Serious Ambien Side Effects: Memory, Depression, and More
Finding a medication that provides satisfying sleep without serious side effects can be challenging.
Many widely used sleep medications, including benzodiazepines like Valium and barbiturates like Nembutal, can cause daytime drowsiness, over-sedation, and chemical dependency. In the 1990s, Ambien, or zolpidem tartrate, was designed to offer the benefits of other hypnotic drugs without some of the more severe side effects. Ambien has since become one of the most popular sleep medications, ranking at number 15 on the list of the most frequently prescribed drugs in the country, according to IMS Health.
At its introduction, Ambien was touted as a safe short-term sleep aid, lacking the risks of narcotic sedatives. But now that Ambien has been available to the public for over 20 years, the more serious side effects of this medication have come to light. Understanding these side effects can help consumers make informed decisions about using hypnotic drugs and may discourage nonmedical users from taking this drug recreationally.
Ambien is categorized as a non-benzodiazepine hypnotic medication. The chemical structure of this drug was designed to reproduce the effects of benzodiazepines on the central nervous system without the potential for abuse or addiction. Like benzodiazepines, Ambien acts on receptor cells in the brain that bind with GABA (gamma-aminobutyric acid), a brain chemical that influences sleep and other neurological activities. Some users have experienced negative cognitive or psychological side effects to Ambien, such as:
- Memory loss
- Difficulty concentrating
- Disorientation to place or time
- Loss of emotional affect
- Loss of pleasure in daily life
- Suicidal thoughts or suicide attempts
- Sleep disturbances
Although Ambien was originally intended to produce less drowsiness than other sleep medications, recent research has shown that at higher doses, the drug can remain active in the individual the morning after it is taken. The U.S. Food and Drug Administration (FDA) recently issued a warning about the possibility of “next-morning” impairment after taking Ambien. The FDA found that in some users, blood tests revealed that there was enough Ambien in the system to cause impairment at tasks that require mental alertness and coordination, such as driving. To reduce the risk of this side effect, the FDA recommends that prescribers limit the dose of the drug, especially for women.
Individuals who take Ambien for nonmedical reasons are at risk of experiencing an intensification of adverse side effects, including the following:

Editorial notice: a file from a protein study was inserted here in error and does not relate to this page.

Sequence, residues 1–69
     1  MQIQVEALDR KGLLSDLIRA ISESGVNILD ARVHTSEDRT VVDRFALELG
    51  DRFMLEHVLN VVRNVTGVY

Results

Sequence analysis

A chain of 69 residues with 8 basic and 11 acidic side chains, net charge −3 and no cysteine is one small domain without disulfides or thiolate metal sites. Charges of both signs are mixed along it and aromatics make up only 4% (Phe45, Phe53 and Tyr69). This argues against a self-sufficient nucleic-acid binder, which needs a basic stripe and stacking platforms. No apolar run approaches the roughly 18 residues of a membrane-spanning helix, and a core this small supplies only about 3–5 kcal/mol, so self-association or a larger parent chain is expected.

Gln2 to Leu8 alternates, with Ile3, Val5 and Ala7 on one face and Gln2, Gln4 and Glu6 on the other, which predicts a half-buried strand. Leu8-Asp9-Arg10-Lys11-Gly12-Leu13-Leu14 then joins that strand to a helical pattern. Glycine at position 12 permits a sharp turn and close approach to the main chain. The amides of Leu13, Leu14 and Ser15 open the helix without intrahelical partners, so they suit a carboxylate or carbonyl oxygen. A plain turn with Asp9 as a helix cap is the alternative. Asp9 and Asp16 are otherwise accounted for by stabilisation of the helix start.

- Excessive sedation
- Confusion and disorientation
- Lack of motor coordination
- Slow response times
- Delayed reflex reactions
- Impaired judgment
Although Ambien is classified as a sedative, this drug can give the user a rush of energy and euphoria when it is abused at high doses. However, misusing this drug can result in extreme drowsiness, confusion, and clumsiness, all of which increase the risk of falls, fractures, and other accidental injuries. The National Highway Traffic Safety Administration reports that users who take Ambien to the point of intoxication may experience sedation for up to 16 hours after taking the drug. Taking Ambien with other drugs that depress the central nervous system, such as alcohol, opioid pain medications, or tranquilizers, intensifies the sedative effects of Ambien and heightens the risk of overdose or injury.
Depression and suicidal thoughts have been observed in some individuals who have taken Ambien. The DARU Journal of Pharmaceutical Sciences presents a case report of a young man who became depressed and attempted suicide after taking Ambien. He had no known history of mood disorders or past suicide attempts. The FDA cautions that individuals with a history of depression may experience a worsening of their depressive symptoms and an increase in suicidal thoughts after taking Ambien.
Sleepwalking and Other Activities
After taking Ambien before going to sleep, some individuals have experienced episodes of sleep walking and other unconscious behaviors. These activities include eating, driving, having sex, and holding conversations with other people. In these reported cases, the individuals were unaware of these activities while they were occurring.
Case studies published in the Journal of Clinical Sleep Medicine indicate that some patients have experienced a behavior called sleep eating disorder, or night eating disorder, after taking Ambien. These individuals woke to find evidence that they had consumed food during the night, but they had no memory of doing so. Other patients reported having complete conversations, leaving their homes to walk through the neighborhood, or even waking up behind the wheel with no memory of driving. One woman had alarms installed on the doors of her home to alert her family if she tried to leave the house while sleeping.